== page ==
What does CDC stand for? Centers for Disease Control and Prevention (CDC).
CDC Goal and Objectives: The CDC aspires to create a world where people – in the United States and around the globe – live healthier, safer, and longer lives. CDC’s global health mission is to improve and protect the health, safety, and security of Americans while reducing morbidity and mortality worldwide.
What are the 3 strategic priorities for the CDC?
CDC’s Strategic Framework consists of five core capabilities that enable the agency’s three strategic priorities, all united behind one mission: protect America’s safety, health, and security. Our work is underscored by the agency’s Pledge to the American People.
What is the CDC budget?
The FY 2022 budget request for CDC and the Agency for Toxic Substances and Disease Registry (ATSDR) includes a total funding level of $9.6 billion in discretionary budget authority, Public Health Service (PHS) Evaluation funds, and the Prevention and Public Health Fund (PPHF). This is an increase of $1.7 billion above the FY 2021 Enacted. These amounts include $81.75 million for ATSDR—an increase of $3.75 million over FY 2021 Enacted. When accounting for all resources, including mandatory programs, the budget includes a total program levels of $15.4 billion for CDC.
Directly From the CDC Website
CDC on firearm
confiscation control: CDC’s National Center for Injury Prevention and Control (NCIPC) has been the nation’s leading public health authority on violence and injury prevention for nearly 30 years. Firearm violence has tremendous impact on the overall safety and wellbeing of Americans. Using a public health approach is essential to addressing firearm violence and keeping people safe and healthy.(disease?)
CDC’s approach to preventing firearm injuries focuses on three elements: providing data to inform action; conducting research and applying science to identify effective solutions; and promoting collaboration across multiple sectors to address the problem.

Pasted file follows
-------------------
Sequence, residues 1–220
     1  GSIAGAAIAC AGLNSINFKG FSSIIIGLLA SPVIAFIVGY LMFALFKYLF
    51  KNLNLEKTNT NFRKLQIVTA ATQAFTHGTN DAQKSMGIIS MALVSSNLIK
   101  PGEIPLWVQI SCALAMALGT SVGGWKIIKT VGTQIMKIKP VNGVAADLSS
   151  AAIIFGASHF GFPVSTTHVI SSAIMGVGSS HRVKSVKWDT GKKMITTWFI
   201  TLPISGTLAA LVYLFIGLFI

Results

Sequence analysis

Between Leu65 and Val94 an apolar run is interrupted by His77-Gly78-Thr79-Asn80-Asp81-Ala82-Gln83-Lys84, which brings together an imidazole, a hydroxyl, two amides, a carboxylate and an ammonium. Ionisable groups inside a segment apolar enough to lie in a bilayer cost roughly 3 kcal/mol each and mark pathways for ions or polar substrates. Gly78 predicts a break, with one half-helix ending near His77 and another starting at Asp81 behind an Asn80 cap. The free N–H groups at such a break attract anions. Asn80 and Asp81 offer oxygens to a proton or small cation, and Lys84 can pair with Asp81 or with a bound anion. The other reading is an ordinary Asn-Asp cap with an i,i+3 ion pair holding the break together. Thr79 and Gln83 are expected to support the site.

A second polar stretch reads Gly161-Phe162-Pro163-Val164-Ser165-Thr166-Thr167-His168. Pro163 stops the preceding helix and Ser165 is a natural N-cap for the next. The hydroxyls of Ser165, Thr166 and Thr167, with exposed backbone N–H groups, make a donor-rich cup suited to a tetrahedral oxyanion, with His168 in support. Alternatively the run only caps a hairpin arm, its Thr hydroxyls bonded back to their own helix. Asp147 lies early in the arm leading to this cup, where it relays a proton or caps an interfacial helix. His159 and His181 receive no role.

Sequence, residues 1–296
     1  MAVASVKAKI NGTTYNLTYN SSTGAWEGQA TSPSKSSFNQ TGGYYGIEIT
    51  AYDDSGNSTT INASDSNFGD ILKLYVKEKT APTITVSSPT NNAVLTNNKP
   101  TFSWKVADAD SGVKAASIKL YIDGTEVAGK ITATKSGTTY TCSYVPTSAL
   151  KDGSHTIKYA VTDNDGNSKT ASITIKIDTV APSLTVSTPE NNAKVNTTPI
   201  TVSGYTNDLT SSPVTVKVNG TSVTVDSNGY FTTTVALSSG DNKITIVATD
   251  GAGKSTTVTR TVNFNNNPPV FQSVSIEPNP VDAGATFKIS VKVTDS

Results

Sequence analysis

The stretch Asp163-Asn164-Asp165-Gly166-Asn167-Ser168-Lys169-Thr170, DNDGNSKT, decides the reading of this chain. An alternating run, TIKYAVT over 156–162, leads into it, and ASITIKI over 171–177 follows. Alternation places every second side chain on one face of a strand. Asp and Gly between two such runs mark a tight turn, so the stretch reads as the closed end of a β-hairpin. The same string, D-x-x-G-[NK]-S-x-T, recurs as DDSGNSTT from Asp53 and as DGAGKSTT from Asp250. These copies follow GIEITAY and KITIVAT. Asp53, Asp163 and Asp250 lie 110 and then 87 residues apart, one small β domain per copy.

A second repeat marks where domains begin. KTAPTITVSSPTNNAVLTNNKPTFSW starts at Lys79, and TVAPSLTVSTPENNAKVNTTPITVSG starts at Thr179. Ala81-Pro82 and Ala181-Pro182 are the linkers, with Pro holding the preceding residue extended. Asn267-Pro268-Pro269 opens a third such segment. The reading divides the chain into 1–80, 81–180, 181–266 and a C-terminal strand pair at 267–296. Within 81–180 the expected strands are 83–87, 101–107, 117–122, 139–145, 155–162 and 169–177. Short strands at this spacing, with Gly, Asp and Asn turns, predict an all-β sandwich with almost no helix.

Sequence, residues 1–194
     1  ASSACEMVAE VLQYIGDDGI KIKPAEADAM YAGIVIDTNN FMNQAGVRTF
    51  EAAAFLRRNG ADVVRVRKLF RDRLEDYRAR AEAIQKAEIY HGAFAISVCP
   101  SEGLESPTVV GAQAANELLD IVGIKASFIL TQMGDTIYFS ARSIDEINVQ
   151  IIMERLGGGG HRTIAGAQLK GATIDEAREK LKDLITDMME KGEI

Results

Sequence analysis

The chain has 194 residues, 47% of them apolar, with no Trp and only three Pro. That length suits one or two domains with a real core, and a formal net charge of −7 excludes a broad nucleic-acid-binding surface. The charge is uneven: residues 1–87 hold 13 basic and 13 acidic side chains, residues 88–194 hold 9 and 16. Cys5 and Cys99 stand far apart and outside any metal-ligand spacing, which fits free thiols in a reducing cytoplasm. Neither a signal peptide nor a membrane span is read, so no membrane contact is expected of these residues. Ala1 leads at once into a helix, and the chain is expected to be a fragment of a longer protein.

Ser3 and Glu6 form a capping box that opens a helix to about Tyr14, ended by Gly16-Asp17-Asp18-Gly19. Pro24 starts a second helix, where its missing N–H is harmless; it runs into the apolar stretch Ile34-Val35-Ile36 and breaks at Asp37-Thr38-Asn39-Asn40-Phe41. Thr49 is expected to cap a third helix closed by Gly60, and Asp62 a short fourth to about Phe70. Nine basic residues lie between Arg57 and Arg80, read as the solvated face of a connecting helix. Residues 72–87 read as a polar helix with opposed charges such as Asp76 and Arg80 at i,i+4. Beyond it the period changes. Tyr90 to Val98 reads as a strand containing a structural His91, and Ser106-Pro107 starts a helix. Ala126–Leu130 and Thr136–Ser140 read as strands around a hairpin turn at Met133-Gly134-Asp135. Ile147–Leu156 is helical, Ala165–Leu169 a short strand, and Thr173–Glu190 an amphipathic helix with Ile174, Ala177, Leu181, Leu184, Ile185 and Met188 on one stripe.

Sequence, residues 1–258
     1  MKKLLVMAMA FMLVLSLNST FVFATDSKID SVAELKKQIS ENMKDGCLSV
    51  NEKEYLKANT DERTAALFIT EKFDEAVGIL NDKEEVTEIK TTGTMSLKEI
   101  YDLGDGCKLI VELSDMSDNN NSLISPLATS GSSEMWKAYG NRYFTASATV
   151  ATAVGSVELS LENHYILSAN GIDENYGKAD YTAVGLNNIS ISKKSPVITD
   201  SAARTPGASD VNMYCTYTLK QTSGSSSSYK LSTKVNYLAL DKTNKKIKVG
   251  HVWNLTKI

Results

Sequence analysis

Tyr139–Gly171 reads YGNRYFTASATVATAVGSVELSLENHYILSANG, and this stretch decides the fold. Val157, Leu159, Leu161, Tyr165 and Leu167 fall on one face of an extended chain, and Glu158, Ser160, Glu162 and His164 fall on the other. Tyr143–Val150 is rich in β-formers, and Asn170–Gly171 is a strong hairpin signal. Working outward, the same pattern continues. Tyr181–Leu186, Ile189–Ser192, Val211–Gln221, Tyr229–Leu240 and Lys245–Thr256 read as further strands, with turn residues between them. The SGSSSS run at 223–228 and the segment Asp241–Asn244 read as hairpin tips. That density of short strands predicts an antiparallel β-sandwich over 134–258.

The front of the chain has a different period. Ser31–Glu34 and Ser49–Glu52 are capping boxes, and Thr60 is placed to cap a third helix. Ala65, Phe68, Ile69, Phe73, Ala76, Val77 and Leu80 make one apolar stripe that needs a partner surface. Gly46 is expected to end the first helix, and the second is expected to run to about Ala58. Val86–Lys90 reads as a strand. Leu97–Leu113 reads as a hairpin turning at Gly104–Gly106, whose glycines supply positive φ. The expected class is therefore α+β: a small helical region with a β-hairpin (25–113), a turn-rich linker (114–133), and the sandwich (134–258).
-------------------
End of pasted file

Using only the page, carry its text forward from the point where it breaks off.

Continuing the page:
Preferred Terms for Select Population Groups & Communities: Language in communication products should reflect and speak to the needs of people in the audience of focus. The following provides some preferred terms for select population groups; the terms to try to use represent an ongoing shift toward non-stigmatizing language. (disease)
dis·ease//dəˈzēz/ noun : a disorder of structure or function in a human, animal, or plant, especially one that produces specific signs or symptoms or that affects a specific location and is not simply a direct result of physical injury.
My questions,: What the hell are the U.S.taxpayer funding an organization that “aspires to create a healthy world” ? What does a “preferred term” have to do with Disease Control? What the hell are they spending $25+ BILLION dollars on? When did inanimate objects, firearms, become a disease? How does the word I use or the name I use become a disease?
That flushing sound you hear? That’s the sound of lots our tax money and the economy going down the toilet.